As it was before Medicare and Medicaid, we are experiencing growing discrimination in healthcare. Hospitals are closed if they are unprofitable, mostly in rural and low income areas, making timely access to care impossible. Services are cut if they are unprofitable, which also hurts the poor the most because they often lack the ability to travel to hospitals that have the services they need. The costs of pharmaceuticals are also rising exponentially, making access to necessary treatments dependent on wealth or access to public programs such as Medicaid, which require being in poverty.

All of the above factors mean the healthcare crisis is coming to a tipping point and legislators are running out of solutions that allow the status quo to continue. The debate over whether health care is a commodity or a public good is prominent. The current national conversation is shifting toward what type of single payer system we will have as more people view it as inevitable.

Elections Reflect the Political Culture

It was evident in the recent primary elections in seven states that political reality is shifting. Candidates who ran on Medicare for All platforms ran important races, knocking out establishment and party machine-backed candidates. Joe Crowley, who is in leadership in the House and who spent millions on his race, was defeated by a first-time candidate, Alexandria Ocasio Cortez, who raised many times less in donations.

This is sending an important message to other candidates and party leadership that they must get on board with supporting Medicare for All or lose their races. It should be a message heard by both major parties because support for Medicare for All is rising among conservatives, especially voters at the lower end of the income spectrum.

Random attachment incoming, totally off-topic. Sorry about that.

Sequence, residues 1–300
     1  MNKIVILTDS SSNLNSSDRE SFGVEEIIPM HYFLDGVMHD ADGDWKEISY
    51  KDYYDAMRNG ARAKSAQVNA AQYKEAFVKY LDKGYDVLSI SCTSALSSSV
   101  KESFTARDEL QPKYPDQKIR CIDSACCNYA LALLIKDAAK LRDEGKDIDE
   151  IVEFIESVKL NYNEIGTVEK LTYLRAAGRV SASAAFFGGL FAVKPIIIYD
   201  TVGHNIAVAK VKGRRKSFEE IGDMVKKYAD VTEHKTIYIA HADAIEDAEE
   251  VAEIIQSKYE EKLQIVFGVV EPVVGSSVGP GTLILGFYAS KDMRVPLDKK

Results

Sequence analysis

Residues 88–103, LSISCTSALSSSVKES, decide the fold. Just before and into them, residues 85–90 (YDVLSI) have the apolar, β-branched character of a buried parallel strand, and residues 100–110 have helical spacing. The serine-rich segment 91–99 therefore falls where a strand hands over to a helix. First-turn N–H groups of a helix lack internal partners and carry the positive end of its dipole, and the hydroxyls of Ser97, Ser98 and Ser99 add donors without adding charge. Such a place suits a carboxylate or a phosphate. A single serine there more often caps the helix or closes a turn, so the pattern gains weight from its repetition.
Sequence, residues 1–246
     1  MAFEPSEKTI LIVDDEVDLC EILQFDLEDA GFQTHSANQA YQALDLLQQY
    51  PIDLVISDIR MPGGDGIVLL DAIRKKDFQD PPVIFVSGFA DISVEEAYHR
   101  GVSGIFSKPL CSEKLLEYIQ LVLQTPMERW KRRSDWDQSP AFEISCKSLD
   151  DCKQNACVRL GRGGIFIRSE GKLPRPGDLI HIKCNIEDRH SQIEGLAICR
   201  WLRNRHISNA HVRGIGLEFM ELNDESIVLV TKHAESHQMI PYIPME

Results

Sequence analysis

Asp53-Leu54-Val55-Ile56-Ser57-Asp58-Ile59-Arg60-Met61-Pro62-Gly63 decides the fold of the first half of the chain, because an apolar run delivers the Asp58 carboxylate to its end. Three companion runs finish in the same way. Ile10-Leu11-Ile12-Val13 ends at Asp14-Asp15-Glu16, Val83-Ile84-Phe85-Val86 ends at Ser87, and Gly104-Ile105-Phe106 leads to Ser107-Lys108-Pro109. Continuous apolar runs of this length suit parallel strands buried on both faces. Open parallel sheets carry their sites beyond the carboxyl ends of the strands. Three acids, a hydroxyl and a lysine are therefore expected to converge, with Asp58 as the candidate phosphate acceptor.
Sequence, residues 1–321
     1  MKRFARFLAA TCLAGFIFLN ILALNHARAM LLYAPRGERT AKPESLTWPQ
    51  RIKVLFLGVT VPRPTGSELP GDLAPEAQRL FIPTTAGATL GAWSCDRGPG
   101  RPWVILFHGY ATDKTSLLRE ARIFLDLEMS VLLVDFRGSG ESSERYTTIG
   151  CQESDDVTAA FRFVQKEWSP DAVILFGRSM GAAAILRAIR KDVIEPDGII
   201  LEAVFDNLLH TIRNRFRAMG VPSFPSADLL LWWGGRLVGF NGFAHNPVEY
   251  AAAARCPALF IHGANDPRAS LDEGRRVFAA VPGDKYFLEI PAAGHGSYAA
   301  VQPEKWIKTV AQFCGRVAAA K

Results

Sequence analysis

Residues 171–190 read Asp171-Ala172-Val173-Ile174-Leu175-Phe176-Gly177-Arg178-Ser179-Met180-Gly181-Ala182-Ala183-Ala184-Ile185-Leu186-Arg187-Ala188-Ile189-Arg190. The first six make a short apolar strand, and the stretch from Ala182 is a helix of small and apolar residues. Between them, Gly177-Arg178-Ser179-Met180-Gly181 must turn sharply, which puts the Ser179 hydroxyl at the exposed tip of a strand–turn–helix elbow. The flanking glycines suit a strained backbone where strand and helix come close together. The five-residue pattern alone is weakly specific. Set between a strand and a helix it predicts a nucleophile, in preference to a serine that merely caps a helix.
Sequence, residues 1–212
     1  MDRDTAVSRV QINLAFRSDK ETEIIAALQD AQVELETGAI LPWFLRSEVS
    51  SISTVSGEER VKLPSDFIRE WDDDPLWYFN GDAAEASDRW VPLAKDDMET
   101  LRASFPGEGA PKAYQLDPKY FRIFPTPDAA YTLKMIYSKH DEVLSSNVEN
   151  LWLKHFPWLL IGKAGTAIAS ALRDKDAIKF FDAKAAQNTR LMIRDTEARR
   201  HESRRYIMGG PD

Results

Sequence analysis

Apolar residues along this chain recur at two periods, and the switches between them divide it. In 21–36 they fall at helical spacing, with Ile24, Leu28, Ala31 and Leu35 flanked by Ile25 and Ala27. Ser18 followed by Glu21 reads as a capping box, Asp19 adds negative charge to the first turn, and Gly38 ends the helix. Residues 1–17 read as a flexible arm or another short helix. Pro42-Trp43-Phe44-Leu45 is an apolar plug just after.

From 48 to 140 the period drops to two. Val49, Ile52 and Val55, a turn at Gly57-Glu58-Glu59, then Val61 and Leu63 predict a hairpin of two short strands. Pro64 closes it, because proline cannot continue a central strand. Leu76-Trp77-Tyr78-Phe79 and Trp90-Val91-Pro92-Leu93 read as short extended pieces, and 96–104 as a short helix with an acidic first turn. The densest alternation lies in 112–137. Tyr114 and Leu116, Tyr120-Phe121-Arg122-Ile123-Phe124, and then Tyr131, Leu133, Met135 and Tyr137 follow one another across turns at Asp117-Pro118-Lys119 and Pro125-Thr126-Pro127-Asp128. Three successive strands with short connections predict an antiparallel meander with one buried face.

Supporters of NIMA can congratulate themselves, because credit is rarely given, for their work over the past years and decades to educate people about NIMA and to organize in their communities. It is this work that is shifting the political culture so that candidates feel compelled to support NIMA, and this shift is fundamental to winning. But, there is more to do.

We can anticipate, and indeed it is already happening, that elected officials and candidates will attempt to give the appearance of supporting NIMA while offering something less. Over the past year, members of Congress have proposed incremental plans such as starting with a public option or lowering the age of Medicare or phasing in a Medicare for All system over a number of years. These proposals keep the profits in our healthcare system and they should be rejected. We have to choose whether health care is a commodity, in which people only get as much health care as they can afford, or a public good so that people get the health care they need without fear of financial ruin. It can’t be both.

Let’s remember that the United States is spending enough on health care right now to provide high quality comprehensive care to everyone. The US spends twice the amount per person per year on health care as the average industrialized nation and those nations cover everyone and have better health outcomes. There is no need to delay or phase in a system. People need health care now. They are suffering and dying now. Delays mean more preventable deaths.

When we talk about National Improved Medicare for All, we are talking about a single universal system that people are automatically enrolled in. Current Medicare consists of original Medicare, which is a public insurance, and what are called Medicare Advantage plans, which are private insurance. Medicare Advantage private plans should be eliminated because they cost more and enroll healthy seniors while pushing sick seniors out. Proposals that include Medicare Advantage plans will keep the profits in our system and won’t have the savings of single payer systems, so they will fail to solve the healthcare crisis.

We are in an exciting era. We have the opportunity to win National Improved Medicare for All, but to do so, we must avoid the mistakes of the past. Our current tasks are to keep educating and building the movement for NIMA and to pressure all members of Congress and candidates to support it. It is also important to see lesser proposals for what they are, distractions designed to throw us off the path to NIMA. We can have NIMA now and that is our demand.